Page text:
Hindcast




The first fall storm spun in from the Bering Sea, while the tides were high. Rain pummeled the Gulf and small streams filled their deep summer soils. In a yard that isn’t yet mine, I stand by a deafening diesel truck to watch a man pull the pump and pipe out of the well I want to use. I don’t understand why we’re doing this, I say. He agrees. The inspector doesn’t think the muni likes it like this, but I’ve read the regulations, and I’m not so sure. With a winch, the well technician pulls section after section, hundreds of feet of pipe, out of the casing and lays it all down on the ground, next to the severed pump. The problem is you gotta use it continuously, that’s what they wanna see, he says. So I need to pay you to put this back in after I buy this place? That’s right, he says. I shake my head. While he prepares to weld a cap on the casing, I look across the city and think of all of the wells sucking water like needles. 100 feet. 300 feet. 10 years, 50 years, 200 years.  We hardly even know what’s down there: a little about the levels, a little about our wastewater, a lot left to the imagination. It’s nearly time for Persephone to descend below for winter, but sweet daughter, I want to keep her here.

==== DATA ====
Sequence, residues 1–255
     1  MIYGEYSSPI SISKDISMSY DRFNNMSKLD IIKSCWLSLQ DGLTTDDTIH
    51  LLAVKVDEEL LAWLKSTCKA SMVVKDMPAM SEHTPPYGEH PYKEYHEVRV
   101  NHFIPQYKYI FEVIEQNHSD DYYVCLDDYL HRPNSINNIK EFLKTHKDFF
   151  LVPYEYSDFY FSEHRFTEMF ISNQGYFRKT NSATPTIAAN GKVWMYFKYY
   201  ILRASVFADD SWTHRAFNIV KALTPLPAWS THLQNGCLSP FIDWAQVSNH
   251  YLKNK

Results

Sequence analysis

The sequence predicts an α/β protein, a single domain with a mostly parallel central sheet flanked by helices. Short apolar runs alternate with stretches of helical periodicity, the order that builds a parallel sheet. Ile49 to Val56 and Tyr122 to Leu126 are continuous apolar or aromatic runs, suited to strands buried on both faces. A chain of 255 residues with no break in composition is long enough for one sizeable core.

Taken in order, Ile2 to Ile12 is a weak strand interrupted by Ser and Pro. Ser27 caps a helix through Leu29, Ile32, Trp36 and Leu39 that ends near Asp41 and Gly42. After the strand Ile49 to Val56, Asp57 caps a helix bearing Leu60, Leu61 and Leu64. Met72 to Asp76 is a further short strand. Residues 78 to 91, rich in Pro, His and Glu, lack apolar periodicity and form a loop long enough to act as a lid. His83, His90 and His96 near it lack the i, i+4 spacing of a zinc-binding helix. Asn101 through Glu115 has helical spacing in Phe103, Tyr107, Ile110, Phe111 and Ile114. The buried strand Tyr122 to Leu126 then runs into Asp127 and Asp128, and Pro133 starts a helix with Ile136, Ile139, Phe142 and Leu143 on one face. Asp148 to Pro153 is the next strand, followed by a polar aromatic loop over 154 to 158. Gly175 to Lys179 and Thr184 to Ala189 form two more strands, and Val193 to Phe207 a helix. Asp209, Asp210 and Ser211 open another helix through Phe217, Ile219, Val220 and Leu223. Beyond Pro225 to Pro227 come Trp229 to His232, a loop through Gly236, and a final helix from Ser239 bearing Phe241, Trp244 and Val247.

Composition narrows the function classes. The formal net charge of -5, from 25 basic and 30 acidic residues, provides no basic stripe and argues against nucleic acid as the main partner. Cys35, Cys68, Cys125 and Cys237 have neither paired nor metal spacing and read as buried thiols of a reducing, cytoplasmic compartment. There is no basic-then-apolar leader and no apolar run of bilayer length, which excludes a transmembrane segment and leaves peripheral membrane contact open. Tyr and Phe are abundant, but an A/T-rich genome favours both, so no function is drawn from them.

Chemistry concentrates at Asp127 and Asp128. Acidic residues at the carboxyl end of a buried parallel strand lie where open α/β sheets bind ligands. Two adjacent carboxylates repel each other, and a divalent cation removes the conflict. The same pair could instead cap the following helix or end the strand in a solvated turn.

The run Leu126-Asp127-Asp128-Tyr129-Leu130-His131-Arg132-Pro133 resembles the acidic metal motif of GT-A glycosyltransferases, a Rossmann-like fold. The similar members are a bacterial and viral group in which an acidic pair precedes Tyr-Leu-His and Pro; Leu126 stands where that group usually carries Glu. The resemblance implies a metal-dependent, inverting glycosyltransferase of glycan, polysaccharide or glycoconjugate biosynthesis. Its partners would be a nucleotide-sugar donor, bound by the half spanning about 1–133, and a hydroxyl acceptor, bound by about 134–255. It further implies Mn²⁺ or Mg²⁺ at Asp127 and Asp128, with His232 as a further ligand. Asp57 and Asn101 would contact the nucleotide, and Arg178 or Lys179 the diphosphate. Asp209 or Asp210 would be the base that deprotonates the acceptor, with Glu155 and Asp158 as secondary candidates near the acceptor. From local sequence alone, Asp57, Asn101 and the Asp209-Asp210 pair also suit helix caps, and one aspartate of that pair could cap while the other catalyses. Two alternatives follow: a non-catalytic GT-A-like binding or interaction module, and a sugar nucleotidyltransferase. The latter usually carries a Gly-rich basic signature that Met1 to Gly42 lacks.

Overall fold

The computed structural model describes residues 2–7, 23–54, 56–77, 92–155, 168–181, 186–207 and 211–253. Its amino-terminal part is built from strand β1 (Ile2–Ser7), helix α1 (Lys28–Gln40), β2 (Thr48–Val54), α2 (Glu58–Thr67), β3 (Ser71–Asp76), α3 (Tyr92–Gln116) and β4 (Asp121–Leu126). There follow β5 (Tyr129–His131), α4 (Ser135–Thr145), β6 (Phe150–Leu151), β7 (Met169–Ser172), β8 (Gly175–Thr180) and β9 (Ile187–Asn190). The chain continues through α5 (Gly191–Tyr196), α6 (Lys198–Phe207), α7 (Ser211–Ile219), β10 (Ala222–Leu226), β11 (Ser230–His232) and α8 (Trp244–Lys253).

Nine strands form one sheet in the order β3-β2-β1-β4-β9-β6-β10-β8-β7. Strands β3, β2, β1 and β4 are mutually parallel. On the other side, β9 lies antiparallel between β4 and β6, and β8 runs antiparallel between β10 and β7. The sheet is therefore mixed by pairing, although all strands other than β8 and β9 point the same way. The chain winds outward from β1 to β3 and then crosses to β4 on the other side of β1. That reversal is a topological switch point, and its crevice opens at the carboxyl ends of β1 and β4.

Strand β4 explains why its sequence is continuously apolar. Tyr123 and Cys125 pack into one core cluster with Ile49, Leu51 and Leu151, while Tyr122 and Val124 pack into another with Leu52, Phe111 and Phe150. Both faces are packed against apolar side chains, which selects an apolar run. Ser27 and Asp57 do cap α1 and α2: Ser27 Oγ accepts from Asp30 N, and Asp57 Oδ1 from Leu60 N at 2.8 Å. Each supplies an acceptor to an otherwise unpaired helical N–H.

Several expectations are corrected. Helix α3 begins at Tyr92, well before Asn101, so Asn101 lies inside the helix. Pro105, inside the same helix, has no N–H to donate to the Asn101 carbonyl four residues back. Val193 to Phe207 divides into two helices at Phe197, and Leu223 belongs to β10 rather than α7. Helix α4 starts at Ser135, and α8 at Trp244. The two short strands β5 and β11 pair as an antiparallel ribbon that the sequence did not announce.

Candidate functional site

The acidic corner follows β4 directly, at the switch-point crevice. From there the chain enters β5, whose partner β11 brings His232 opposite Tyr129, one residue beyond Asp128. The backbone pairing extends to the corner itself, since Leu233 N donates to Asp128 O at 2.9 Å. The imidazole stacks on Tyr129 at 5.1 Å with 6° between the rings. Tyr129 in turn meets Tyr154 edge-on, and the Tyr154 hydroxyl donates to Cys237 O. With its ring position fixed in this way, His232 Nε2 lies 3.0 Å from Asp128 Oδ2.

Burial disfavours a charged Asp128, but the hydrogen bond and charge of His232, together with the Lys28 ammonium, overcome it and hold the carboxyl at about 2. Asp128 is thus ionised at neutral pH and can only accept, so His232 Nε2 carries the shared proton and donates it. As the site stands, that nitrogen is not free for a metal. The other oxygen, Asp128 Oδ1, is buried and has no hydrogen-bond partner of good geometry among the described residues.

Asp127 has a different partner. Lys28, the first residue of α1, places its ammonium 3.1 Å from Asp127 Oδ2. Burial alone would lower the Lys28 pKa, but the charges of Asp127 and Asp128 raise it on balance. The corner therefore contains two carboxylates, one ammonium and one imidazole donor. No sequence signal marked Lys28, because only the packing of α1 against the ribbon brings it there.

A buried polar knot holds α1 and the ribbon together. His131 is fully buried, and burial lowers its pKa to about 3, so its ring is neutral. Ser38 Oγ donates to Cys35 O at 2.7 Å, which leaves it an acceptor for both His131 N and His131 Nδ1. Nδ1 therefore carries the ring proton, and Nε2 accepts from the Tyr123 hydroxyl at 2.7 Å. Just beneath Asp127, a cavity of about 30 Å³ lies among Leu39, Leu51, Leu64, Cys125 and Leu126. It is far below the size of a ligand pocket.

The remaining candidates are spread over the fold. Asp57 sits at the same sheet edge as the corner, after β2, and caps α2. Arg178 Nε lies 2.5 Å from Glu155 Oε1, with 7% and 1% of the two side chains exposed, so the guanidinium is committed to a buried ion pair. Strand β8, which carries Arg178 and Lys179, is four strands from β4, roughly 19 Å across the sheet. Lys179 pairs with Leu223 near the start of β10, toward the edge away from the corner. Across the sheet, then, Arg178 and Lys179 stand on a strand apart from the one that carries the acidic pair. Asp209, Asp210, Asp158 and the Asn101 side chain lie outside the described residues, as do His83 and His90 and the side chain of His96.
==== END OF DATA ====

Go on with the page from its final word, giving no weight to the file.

Jessica Cherry, PhD is a scientist, writer, and commercial airplane pilot living in Anchorage and Fairbanks. 

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